How do we deal with the gradient of an expectation?



\begin{aligned} \nabla \mathbb{E}_{\tau | \pi_\theta}[r(\tau)] &= \nabla \int \pi(\tau)r(\tau)\\ &= \int \nabla \pi(\tau) r(\tau) \\ &= \int \pi(\tau) \nabla \log \pi(\tau) r(\tau) \\ &= \mathbb{E}_{\tau | \pi_\theta}[r(\tau)\nabla \log \pi(\tau)] \end{aligned}

The derivative of the expected reward is the expectation of the reward times the derivative of the log policy:



\begin{aligned} \nabla J(\theta) &= \mathbb{E}_{\tau | \pi_\theta}[r(\tau)\nabla \log \pi(\tau)] \\ &= \mathbb{E}_{\tau | \pi_\theta} \left[r(\tau) \sum_{t=0}^T \nabla \log \pi_\theta(a_t|s_t) \right] \end{aligned}

Recall: $$\pi$$$$_\theta$$$$(\tau) \stackrel{.}{=} p(s_0)\,\Pi_{t=0}^T p(s_{t+1}| s_t, a_t)$$$$\pi_\theta(a_t|s_t)$$

No need to know about the initial state distribution or the transition probabilities between states!!

REINFORCE algorithm



\begin{aligned} \nabla J(\theta) &= \mathbb{E}_{\tau | \pi_\theta} \left[r(\tau) \sum_{t=0}^T \nabla_\theta \log \pi_\theta(a_t|s_t) \right] \end{aligned}

Trajectory reward $$r(\tau)$$ ?

The REINFORCE algorithm takes the discounted return

$$r(\tau) = \sum_{t=0}^T G_t = \sum_{t=0}^T (r_t + \gamma r_{t+1} + \gamma^2 r_{t+2} + \dots )$$

Interpretating $$\Delta\theta \varpropto G_t \frac{\nabla_\theta\pi_\theta (a_t|s_t)}{\pi_\theta(a_t|s_t)}$$ : if taking action $$a_t$$ in state $$s_t$$ gives positive return $$\rightarrow$$ move $$\theta$$ in the direction that increases the probability of repeating $$a_t$$ when visiting $$s_t$$.

Issue. Rewards are usually sparse $$\rightarrow$$ average over trajectories have high variance.

REINFORCE w/ baseline

To lower the variance we can add a baseline

$$\Delta\theta \varpropto (G_t - b(s_t)) \frac{\nabla_\theta\pi_\theta (a_t|s_t)}{\pi_\theta(a_t|s_t)}$$

which still keeps the gradient unbiased.

A common choice is to take the state value as baseline:

$$V(s) = \mathbb{E}_{\pi_\theta}[G_t | s_t = s]$$

Actor Critic Methods



\begin{aligned} \nabla J(\theta) &= \mathbb{E}_{\tau | \pi_\theta} \left[r(\tau) \sum_{t=0}^T \nabla_\theta \log \pi_\theta(a_t|s_t) \right] \\ & = \sum_{t=0}^T \mathbb{E}_{s_0, \dots s_t} \left[\nabla_\theta \log \pi_\theta(a_t|s_t) \right] \mathbb{E}_{s_{t+1}, \dots s_{end}} [G_t] \\ & = \sum_{t=0}^T \mathbb{E}_{s_0, \dots s_t} \left[\nabla_\theta \log \pi_\theta(a_t|s_t) \right] Q_w(s_t,a_t) \end{aligned}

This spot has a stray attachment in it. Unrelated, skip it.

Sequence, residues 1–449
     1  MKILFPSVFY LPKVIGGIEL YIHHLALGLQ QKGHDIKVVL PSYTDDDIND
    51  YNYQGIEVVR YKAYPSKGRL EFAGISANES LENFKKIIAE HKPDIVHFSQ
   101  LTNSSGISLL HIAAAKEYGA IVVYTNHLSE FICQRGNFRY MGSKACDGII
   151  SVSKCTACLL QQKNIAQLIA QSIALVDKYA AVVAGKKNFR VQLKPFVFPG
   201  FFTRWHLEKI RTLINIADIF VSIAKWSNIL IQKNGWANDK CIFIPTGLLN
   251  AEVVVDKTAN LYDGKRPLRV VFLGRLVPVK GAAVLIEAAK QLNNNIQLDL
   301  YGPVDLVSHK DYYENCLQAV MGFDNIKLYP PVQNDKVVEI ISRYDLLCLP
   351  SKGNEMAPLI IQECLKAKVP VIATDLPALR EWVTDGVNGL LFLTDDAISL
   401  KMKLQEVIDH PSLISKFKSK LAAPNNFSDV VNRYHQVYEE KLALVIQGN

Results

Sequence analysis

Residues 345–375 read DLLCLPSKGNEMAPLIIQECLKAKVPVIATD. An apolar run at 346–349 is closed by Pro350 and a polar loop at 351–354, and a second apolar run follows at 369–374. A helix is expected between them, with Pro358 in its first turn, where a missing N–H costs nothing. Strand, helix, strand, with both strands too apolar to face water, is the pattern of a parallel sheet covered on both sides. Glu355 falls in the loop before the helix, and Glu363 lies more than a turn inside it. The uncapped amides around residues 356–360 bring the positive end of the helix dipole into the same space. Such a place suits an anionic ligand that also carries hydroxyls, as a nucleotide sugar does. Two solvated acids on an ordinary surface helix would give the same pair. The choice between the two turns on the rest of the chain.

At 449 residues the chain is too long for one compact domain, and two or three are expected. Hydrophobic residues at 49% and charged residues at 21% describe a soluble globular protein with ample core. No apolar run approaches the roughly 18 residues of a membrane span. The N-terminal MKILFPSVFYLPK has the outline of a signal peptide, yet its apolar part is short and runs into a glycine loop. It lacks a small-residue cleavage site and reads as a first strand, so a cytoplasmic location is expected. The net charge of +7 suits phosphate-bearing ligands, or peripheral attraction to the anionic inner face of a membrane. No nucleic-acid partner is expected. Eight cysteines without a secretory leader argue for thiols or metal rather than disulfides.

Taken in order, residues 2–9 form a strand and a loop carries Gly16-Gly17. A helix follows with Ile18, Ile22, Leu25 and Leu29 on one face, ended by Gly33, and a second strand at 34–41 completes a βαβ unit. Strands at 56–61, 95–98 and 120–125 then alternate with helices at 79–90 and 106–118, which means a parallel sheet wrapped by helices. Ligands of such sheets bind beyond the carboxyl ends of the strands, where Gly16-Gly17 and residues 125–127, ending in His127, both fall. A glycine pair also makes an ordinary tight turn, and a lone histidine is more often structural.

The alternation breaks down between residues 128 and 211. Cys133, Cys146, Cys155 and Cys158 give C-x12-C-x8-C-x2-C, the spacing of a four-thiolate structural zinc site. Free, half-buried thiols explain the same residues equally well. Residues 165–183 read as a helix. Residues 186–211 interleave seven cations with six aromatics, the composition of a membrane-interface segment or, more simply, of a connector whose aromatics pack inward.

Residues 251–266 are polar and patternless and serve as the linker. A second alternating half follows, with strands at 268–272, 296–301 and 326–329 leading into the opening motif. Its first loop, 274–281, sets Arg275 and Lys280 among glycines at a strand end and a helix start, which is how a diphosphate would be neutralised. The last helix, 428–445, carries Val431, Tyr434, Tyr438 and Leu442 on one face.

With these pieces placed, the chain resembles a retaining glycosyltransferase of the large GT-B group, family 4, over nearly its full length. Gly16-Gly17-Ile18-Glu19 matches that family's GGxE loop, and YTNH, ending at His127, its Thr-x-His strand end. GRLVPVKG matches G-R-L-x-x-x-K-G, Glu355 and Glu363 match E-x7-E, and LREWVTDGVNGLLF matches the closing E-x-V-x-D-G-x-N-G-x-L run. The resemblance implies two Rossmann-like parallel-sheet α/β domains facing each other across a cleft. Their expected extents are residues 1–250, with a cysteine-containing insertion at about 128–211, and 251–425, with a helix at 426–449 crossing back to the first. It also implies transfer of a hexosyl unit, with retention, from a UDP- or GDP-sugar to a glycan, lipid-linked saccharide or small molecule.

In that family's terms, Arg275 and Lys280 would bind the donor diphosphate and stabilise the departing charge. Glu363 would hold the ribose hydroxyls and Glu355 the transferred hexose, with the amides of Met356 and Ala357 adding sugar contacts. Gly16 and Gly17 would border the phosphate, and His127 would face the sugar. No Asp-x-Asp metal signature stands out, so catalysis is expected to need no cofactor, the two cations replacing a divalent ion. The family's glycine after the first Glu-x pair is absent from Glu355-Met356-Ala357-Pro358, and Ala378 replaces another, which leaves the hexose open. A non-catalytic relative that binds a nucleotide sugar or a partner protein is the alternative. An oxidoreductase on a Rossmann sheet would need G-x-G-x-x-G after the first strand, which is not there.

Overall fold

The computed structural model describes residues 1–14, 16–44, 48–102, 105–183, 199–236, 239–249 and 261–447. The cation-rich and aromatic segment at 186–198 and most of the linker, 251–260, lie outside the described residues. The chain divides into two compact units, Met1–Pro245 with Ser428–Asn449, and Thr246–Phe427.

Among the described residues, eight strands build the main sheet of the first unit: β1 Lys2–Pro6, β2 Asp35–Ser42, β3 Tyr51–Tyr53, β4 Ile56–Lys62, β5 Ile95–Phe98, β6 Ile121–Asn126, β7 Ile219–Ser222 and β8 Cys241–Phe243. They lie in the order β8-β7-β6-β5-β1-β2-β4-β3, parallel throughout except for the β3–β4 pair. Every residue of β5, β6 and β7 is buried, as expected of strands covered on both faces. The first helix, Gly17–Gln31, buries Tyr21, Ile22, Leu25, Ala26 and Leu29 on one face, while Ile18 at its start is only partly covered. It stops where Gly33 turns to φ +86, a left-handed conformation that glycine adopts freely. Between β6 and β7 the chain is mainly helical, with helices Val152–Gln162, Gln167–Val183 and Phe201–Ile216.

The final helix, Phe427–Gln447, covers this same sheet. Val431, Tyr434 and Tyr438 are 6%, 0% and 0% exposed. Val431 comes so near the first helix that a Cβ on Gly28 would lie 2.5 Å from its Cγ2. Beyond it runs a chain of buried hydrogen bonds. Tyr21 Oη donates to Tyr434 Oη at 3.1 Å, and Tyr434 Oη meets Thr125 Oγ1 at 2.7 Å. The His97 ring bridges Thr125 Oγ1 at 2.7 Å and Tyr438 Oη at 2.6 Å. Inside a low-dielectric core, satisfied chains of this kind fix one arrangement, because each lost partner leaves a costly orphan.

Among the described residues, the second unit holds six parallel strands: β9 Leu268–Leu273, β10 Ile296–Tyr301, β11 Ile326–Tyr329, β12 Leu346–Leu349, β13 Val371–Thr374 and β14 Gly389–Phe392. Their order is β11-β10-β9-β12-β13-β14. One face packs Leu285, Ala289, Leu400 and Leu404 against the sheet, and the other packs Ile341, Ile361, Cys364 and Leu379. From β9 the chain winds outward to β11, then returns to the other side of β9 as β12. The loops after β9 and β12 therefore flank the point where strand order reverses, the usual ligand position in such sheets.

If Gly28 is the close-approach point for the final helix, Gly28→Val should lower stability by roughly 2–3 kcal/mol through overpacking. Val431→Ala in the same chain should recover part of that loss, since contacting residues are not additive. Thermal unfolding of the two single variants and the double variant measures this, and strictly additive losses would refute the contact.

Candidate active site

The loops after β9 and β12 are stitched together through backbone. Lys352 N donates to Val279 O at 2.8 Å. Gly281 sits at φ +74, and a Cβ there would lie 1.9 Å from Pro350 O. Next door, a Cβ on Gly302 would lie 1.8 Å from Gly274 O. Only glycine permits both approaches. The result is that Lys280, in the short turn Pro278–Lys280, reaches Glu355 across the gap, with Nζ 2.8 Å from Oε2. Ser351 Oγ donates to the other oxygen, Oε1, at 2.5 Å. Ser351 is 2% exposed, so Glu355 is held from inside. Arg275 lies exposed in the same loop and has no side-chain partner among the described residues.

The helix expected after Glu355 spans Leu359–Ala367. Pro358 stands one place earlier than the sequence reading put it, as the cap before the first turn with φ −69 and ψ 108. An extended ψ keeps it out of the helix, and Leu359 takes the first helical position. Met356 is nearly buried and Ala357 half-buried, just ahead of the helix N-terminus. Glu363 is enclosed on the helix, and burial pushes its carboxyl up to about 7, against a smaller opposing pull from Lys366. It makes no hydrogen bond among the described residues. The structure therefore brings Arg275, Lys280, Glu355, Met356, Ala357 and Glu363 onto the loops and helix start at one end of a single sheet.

Notice that we can decompose the expectation in

Actor Critic Methods



\begin{aligned} \nabla J(\theta) &= \mathbb{E}_{\tau | \pi_\theta} \left[r(\tau) \sum_{t=0}^T \nabla_\theta \log \pi_\theta(a_t|s_t) \right] \\ & = \sum_{t=0}^T \mathbb{E}_{s_0, \dots s_t} \left[\nabla_\theta \log \pi_\theta(a_t|s_t) \right] \mathbb{E}_{s_{t+1}, \dots s_{end}} [G_t] \\ & = \sum_{t=0}^T \mathbb{E}_{s_0, \dots s_t} \left[\nabla_\theta \log \pi_\theta(a_t|s_t) \right] Q_w(s_t,a_t) \end{aligned}

Notice that we can decompose the expectation in

1. The “Critic” $$Q_w(s,a)$$ estimates the value function.
2. The “Actor” updates the policy distribution in the direction suggested by the Critic.

and both the Critic and Actor functions are parameterized with neural networks.

Q-value!!

class ActorCritic(nn.Module):
def __init__(self, num_inputs, num_actions):
super(ActorCritic, self).__init__()
self.conv1 = nn.Conv2d(num_inputs, 32, 3, stride=2, padding=1)
self.conv2 = nn.Conv2d(32, 32, 3, stride=2, padding=1)
self.conv3 = nn.Conv2d(32, 32, 3, stride=2, padding=1)
self.conv4 = nn.Conv2d(32, 32, 3, stride=2, padding=1)
self.lstm = nn.LSTMCell(32 * 6 * 6, 512)
self.critic_linear = nn.Linear(512, 1)
self.actor_linear = nn.Linear(512, num_actions)
self._initialize_weights()

def _initialize_weights(self):
for module in self.modules():
if isinstance(module, nn.Conv2d) or isinstance(module, nn.Linear):
nn.init.xavier_uniform_(module.weight)
# nn.init.kaiming_uniform_(module.weight)
nn.init.constant_(module.bias, 0)
elif isinstance(module, nn.LSTMCell):
nn.init.constant_(module.bias_ih, 0)
nn.init.constant_(module.bias_hh, 0)

def forward(self, x, hx, cx):
x = F.relu(self.conv1(x))
x = F.relu(self.conv2(x))
x = F.relu(self.conv3(x))
x = F.relu(self.conv4(x))
hx, cx = self.lstm(x.view(x.size(0), -1), (hx, cx))
return self.actor_linear(hx), self.critic_linear(hx), hx, cx

Some References:

- Artificial Neural Networks Course @ EPFL - Wulfram Gerstner

- Reinforcement Learning: An Introduction - second edition. Richard S. Sutton and Andrew G. Barto. The MIT Press - Cambridge, Massachusetts - London, England

Reward Shaping



To address the problem of sparse rewards one can manually design a reward function.

#### Deep Reinforcement Learning

By Leonardo Petrini

# Deep Reinforcement Learning

Presentation for PCSL Group Meeting @ EPFL